Same thing with Hallowed Fountain, a one-of in the Theros Event Deck.

The Clash Pack is another method of increasing quantity of a card, as evidenced by Courser of Kruphix:

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See that dip in the middle? Right before it made it to $25? That’s the Clash Pack copies hitting the market, and in the flood the price fell hard…and then came back by the time the new set was released.

I’m not trying to make the statement that all the cards given an auxiliary printing will eventually regain their value. That’s not true at all, and there’s a long list of $5 or less rares that got reprinted and struggled to break $1 after the re-release. That’s likely the fate in store for Evolutionary Leap, Warden of the First Tree, and Llanowar Wastes.

What I am saying is that the better cards, the already-expensive cards, those are very likely to bounce back. I’m specifically looking at Hangarback Walker, Tasigur, the Golden Fang, and Whisperwood Elemental.

Hangarback has lost a couple of dollars in the last weeks since the announcement, and for a card seeing as much play as it is, that’s a very good sign for the card and our opportunity to gain value from it. I’m hoping that it goes down to $10 once the decks are on sale, because there’s still a whole year for it to go back up, and that doesn’t even count the appeal outside of Standard.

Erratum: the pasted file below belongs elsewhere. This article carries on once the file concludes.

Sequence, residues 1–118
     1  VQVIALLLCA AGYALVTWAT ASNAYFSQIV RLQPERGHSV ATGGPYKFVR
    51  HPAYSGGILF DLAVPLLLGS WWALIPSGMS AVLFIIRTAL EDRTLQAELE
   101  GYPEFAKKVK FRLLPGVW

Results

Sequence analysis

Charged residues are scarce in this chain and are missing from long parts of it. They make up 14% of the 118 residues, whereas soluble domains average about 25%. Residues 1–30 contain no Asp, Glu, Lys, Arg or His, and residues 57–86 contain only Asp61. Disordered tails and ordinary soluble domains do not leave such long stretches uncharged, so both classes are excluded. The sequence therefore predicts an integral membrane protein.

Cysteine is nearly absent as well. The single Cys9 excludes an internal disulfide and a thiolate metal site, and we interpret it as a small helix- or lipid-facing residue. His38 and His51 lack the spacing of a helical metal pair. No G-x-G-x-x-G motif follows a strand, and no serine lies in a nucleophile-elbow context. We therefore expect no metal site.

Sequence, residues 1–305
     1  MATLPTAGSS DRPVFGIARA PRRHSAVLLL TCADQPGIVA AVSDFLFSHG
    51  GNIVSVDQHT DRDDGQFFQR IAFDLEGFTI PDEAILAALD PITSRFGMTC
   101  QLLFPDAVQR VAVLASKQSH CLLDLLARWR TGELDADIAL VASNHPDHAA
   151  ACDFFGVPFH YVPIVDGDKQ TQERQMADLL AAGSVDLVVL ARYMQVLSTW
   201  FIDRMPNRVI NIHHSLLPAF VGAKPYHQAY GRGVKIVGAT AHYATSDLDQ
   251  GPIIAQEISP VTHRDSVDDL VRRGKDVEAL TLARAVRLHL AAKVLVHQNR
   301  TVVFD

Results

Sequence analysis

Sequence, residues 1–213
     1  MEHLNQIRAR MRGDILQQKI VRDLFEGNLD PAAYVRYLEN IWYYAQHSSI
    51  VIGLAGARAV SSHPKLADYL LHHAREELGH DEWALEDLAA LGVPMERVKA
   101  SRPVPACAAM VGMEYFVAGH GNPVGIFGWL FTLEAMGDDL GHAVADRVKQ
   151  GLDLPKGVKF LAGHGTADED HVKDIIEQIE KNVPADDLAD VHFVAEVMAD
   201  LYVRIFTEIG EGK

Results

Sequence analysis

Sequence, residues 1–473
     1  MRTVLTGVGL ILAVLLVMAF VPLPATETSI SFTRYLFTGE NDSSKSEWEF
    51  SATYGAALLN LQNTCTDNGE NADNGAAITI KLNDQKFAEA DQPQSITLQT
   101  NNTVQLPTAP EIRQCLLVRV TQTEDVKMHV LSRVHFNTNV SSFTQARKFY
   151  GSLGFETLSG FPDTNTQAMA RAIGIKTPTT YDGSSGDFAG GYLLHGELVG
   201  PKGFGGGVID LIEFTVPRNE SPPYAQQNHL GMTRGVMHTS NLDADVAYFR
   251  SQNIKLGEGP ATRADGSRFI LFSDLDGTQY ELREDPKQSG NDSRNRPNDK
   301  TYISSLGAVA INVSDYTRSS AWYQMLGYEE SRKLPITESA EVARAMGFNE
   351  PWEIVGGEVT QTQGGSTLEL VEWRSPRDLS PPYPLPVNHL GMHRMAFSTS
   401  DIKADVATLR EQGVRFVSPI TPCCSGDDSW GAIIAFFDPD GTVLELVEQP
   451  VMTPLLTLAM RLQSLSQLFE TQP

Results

The current dip means this is the time to buy in, even if it doesn’t go below $14. It’ll be $20 or more by Valentine’s Day, and that’s value we can use.

Tasigur is in an interesting spot. Many of my peers here are preaching the foils, and I’m on board. I also think he’s good enough to hold a $10 price tag in a year when he rotates, because he’s big and easy to cast and has a great ability in older formats. It’s fascinating how on the day of announcement, he fell $2, but the demand is there.

This principle also applies to the Clash Packs, and to some extent the Commander precons. The cards that were expensive stays that way, and will likely recover most of their price. Let’s use Collected Company as an example:

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See that diagonal slide in July? The Clash Pack decklist was spoiled on July 9th of this year. We still have a lot of time for this to creep back up, especially because that particular card is already seeing Modern play in a variety of decks.

So in closing, I want you to see reprints as opportunities. I’m still sitting on two playsets of Hangarback, and I’m giving serious consideration to a third.as the playset price creeps to $50 on eBay. If there’s other examples of cards resisting the reprint effect, list them in the comments!


 

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6 thoughts on “The Event Deck Myth”

  1. Joe I’m pretty sure it’s a card in Origins and I’d look at green cards but I actually can’t remember which card the art is from.

    Goblin Guide was a 2 of in an Event Deck. Last year a writer mentioned that $60 for the event deck (maybe $40) was great value and the cheaper versions of the Deck were bought out shortly there after online.